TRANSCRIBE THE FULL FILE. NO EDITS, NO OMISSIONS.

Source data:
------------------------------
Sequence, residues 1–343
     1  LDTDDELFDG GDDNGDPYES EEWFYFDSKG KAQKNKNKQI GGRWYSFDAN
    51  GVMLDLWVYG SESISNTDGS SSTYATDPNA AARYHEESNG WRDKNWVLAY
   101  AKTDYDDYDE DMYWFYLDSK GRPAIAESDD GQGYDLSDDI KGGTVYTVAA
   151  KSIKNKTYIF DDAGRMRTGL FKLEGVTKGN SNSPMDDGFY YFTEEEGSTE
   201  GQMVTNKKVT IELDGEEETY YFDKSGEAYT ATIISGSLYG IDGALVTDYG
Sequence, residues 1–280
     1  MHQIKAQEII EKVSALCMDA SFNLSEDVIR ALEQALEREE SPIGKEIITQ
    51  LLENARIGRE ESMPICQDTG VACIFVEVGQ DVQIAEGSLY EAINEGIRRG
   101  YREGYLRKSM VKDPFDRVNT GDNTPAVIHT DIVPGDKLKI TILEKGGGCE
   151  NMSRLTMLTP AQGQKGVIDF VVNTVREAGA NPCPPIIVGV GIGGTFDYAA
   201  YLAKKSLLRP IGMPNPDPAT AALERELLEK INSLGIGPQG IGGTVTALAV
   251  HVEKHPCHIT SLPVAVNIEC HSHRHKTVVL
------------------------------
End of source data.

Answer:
Sequence, residues 1–343
     1  LDTDDELFDG GDDNGDPYES EEWFYFDSKG KAQKNKNKQI GGRWYSFDAN
    51  GVMLDLWVYG SESISNTDGS SSTYATDPNA AARYHEESNG WRDKNWVLAY
   101  AKTDYDDYDE DMYWFYLDSK GRPAIAESDD GQGYDLSDDI KGGTVYTVAA
   151  KSIKNKTYIF DDAGRMRTGL FKLEGVTKGN SNSPMDDGFY YFTEEEGSTE
   201  GQMVTNKKVT IELDGEEETY YFDKSGEAYT ATIISGSLYG IDGALVTDYG
Sequence, residues 1–280
     1  MHQIKAQEII EKVSALCMDA SFNLSEDVIR ALEQALEREE SPIGKEIITQ
    51  LLENARIGRE ESMPICQDTG VACIFVEVGQ DVQIAEGSLY EAINEGIRRG
   101  YREGYLRKSM VKDPFDRVNT GDNTPAVIHT DIVPGDKLKI TILEKGGGCE
   151  NMSRLTMLTP AQGQKGVIDF VVNTVREAGA NPCPPIIVGV GIGGTFDYAA
   201  YLAKKSLLRP IGMPNPDPAT AALERELLEK INSLGIGPQG IGGTVTALAV
   251  HVEKHPCHIT SLPVAVNIEC HSHRHKTVVL